This Week's Film Reviews (Nov 11, 2011)

11 Nov 2011

Oscar buzz movie J. EDGAR opens this week amidst Adam Sandler’s JACK AND JILL and IMMORTALS.

THE MYSTERIES OF LISBON begins a special run at TIFF Bell Lightbox.

LE HAVRE (Finland 2011) ***** Top 10

Directed by Aki Kaurismaki

LE HAVRE is the name of the Normandie port in Northern France.  Dirty, lost in time and decrepit, the port is the perfect venue of a Kaurismaki movie.  Kaurismaki’s characters are similar losers, determined often to etch a better living but always kind souls with not a mean bone in their bodies.

In LENINGRAD COWBOYS GO AMERICA, the band leaves Russia to find fame and fortune in the U.S.  In DRIFTING CLOUDS, the work redundant protagonist opens a restaurant.  But in LE HAVRE, aging bohemian artist Marcel Marx (André Wilms) seems to have given up on life.  He spends the rest of his days working as a shoeshine man.  His loving wife (Kati Outinen) is diagnosed with cancer.  When the hospital doctor assures her that there is always hope and miracles do happen, her answer is:  But not in my neighbourhood.

But things take a turn when Marcel befriends Idrissa, a young African immigrant hoping to make his way to England in a shipping container with other illegals. Marcel is determined to extend a helping hand to the wide-eyed boy, but the law, in the form of Inspector Monet (Jean- Pierre Darroussin), is equally determined to stand in his way.  An intricate dance of hide-and-seek ensues.

But the good deed results in something like manna falling from heaven.  The boulanger helps Marcel shield the boy as does the brasserie owner.  The neighbours, who were at each others throats now unite with a common purpose.  They even donate their earnings to help the boy unite with his mother.  Surprsingly, Inspector Monet turns out not to be that bad a guy after all.

Karausmaki’s film takes a while to get its footing.  But once there, LE HAVRE is pure Kaurismaki pleasure.  Audiences familiar with his deadpan style humour will not be disappointed as the humour abounds from start to finish.  For example, one character donating money says that he will offer the money he had saved for his daughter’s bicycle as she can wait.  As she is only two week old!

LE HAVRE is a film that shows that there is always a little good to be found in everyone.  The only character that is totally bad is the honest neighbour (played by Jean Pierre Leaud (from I HIRED A CONTRACT KILLER and the Antoine Daniel in the Truffaut films) who rats to the cops on Idrissa.  But it is this apparent not too pretty little city and its inhabitants that are the shining stars of this movie.  Yes, and miracles do happen in this neighbourhood.

Kausrismaki injects his spill on the immigrant issue.  But his is one of concerned with humanity.  He is not outraged by lost jobs or unrest caused by the issue but rather the re of families and the fact that every human being deserves a right to a better life.  LE HAVRE is the best feel good little movie of the year and Kaurismaki’s most disciplined and best film to date!


Directed by Tarsem Singh

If an all action, CGI effect, 3D, fight per minute film is your cup of tea (like 300), then Tarsem Singh’s (THE CELL, THE FALL) is the one that might likely blow your mind.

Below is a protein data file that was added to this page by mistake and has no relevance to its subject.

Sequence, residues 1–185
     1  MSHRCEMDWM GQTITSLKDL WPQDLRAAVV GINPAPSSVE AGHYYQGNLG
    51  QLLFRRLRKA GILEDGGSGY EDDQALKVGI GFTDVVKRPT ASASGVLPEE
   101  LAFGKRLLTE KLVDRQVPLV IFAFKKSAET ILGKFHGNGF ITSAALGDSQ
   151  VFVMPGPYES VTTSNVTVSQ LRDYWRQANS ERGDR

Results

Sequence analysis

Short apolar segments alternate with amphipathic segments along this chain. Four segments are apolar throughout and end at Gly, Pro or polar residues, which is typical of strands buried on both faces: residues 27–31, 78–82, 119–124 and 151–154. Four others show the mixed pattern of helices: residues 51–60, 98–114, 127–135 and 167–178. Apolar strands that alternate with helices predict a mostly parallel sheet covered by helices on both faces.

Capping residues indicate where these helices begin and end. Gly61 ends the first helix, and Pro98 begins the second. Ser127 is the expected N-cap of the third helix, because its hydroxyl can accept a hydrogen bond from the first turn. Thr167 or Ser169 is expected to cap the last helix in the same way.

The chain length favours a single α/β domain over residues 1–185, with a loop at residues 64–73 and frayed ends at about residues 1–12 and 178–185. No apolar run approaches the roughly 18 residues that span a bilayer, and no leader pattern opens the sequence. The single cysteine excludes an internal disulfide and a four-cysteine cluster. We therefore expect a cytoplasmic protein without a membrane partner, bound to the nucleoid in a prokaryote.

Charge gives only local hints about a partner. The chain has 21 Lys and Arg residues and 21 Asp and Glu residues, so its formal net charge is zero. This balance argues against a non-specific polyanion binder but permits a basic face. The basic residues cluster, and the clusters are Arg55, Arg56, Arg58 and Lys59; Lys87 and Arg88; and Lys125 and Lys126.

But be forewarned that IMMORTALS has a predictable plot, zero character development, cardboard heroes and villain and uninspired dialogue.  The script by Charley and Vlas Parlapanides contains no cheesy lines or inane dialogue because the writers don’t even bother.  At least this would have elevated the film over its over boring status of the fights only scenario.  The fight scenes are stylized copied from the Matrix films (slow combined with fast motion) and not exciting at all as anyone can tell who will win each fight.  But there is plenty of blood and gore, dismembered body parts and severed heads.

The story is familiar.  It is always a fight of the Gods and their enemies that have existed since the beginning of mankind.  In the film, the Gods have won their mythic struggle against the Titans and a new evil threatens the land.  Mad with power, King Hyperion (Mickey Rourke, grovelling rather than acting) has declared war against humanity.  Amassing a bloodthirsty army of soldiers disfigured by his own hand, Hyperion has scorched Greece in search of the legendary Epirus Bow, a weapon of unimaginable power forged in the heavens by Ares.  Only he who possesses this bow can unleash the Titans, who have been imprisoned deep within the walls of Mount Tartaros since the dawn of time and thirst for revenge. In the king''s hands, the bow would rain destruction upon mankind and annihilate the Gods. But ancient law dictates the Gods must not intervene in man''s conflict.  Enter peasant named Theseus (Henry Cavill) who saves the day.   Secretly chosen by Zeus, Theseus must save his people from Hyperion and his hordes.

The actors must have been chosen (Rouke excepted) for their great beauty and physique.  Almost everyone on screen would pass the supermodel test.  The golden wardrobe of the gods led by Zeus (the quite the looker Luke Evans of CLASDH OF THE TITANS and THE THREE MUSKETEERS) is quite impressive, haute couture stuff that reveal sufficient sexy parts of the body.

The film has an ending right out of FELLINI’S SATYRICON in which the characters become etched in stone carvings.  But of course, Tarsem takes the film one step further to suggest a possible sequel.

J. EDGAR (USA 2011) **
Directed by Clint Eastwood

There are obviously too many things going on here in Clint Eastwood’s biopic of John Edgar Hoover, the much revered FBI during many Presidential reigns.  And too many things that go wrong too in the film.